Dear Tell All: I'm not sure that "despicable" is the word I would use to describe a world where "everybody now fakes everything" ("Counterfeit World," 08/13/2010). I believe people are willing to accept a certain level of...shall we say, enhancement...so long as they know where the "real" ends and the "counterfeit" begins. People don't like being tricked; it makes them feel stupid.
During my years as an English teacher, I would often bring in stories or show movies to my students. When they were becoming interested, someone almost always asked, "Is this a true story?" When I could assure them that it was, they invariably became more engaged. I think part of the reason was that knowing if it was the truth or not, they could let go of their fear of becoming too caught up in a lie and allow themselves to enjoy the experience of relating to something that had the hard edge of fact.
Dear Teach: You're exactly right: People want the truth. They don't like being tricked. When I read about Susan Boyle, the singing sensation from Britain's Got Talent, and Jackie Evancho, her American counterpart, I wanted so much to believe. So I was doubly disappointed when I finally heard their performances on YouTube. Both were so soaked in reverb that they sounded completely unnatural. If the singers were that good, why electronically enhance them? And if the shows weren't being entirely honest, then what else about the performances wasn't real? To your point, where did the reality end and the counterfeit begin?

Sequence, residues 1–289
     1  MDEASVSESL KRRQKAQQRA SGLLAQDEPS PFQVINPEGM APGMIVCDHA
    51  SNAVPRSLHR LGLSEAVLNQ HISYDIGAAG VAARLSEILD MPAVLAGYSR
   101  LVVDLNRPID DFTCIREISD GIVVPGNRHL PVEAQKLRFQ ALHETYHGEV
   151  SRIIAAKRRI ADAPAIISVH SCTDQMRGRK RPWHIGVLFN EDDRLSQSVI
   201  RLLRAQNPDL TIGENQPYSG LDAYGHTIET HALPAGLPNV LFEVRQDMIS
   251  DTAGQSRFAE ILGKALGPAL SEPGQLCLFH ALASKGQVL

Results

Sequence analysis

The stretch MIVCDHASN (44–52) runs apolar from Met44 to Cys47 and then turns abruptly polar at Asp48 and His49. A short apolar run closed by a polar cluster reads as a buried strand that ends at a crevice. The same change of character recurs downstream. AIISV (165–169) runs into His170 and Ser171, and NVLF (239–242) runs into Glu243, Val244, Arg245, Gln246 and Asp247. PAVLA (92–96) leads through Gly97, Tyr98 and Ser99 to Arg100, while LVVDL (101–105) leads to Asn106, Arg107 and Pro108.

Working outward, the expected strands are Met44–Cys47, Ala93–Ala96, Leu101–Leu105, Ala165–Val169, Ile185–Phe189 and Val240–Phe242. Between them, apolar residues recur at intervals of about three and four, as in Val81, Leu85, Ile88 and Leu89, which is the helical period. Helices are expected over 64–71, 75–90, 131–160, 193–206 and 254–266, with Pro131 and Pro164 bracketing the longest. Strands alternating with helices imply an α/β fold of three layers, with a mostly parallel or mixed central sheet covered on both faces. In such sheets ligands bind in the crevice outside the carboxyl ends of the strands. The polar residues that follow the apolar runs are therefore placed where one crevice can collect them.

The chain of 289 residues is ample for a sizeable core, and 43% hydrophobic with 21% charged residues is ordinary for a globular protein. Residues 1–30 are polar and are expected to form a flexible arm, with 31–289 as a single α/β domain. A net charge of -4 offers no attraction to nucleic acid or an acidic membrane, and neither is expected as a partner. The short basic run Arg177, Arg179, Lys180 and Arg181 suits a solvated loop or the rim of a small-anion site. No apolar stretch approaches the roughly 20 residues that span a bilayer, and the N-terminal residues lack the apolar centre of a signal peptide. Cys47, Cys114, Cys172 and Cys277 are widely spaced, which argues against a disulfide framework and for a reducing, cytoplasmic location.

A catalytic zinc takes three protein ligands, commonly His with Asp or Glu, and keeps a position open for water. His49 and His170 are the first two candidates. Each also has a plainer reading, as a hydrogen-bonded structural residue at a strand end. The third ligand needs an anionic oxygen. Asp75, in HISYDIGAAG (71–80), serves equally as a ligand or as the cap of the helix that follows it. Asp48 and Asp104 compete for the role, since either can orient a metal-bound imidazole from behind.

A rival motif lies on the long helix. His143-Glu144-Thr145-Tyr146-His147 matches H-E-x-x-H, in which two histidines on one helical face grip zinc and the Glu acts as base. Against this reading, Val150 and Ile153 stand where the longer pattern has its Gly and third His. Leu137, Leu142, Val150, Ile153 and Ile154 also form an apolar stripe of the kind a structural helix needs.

Now I wouldn't call these performances fake. I'm sure Susan Boyle and Jackie Evancho are enormously talented. But I would have preferred to have heard their raw, unadulterated voices so that I could become a true believer, instead of having lingering doubts.
I think people want honesty. And they can handle imperfection. It's what makes us all human. In fact, imperfection can actually enhance beauty. Julia Roberts wouldn't be Julia Roberts if she didn't have leeches for lips. Bob Dylan wouldn't be Bob Dylan if he could actually sing. The Statue of David wouldn't be the Statue of David without love handles. And the Golden Gate Bridge wouldn't be the Golden Gate Bridge if it was actually golden, instead of circus-peanut orange.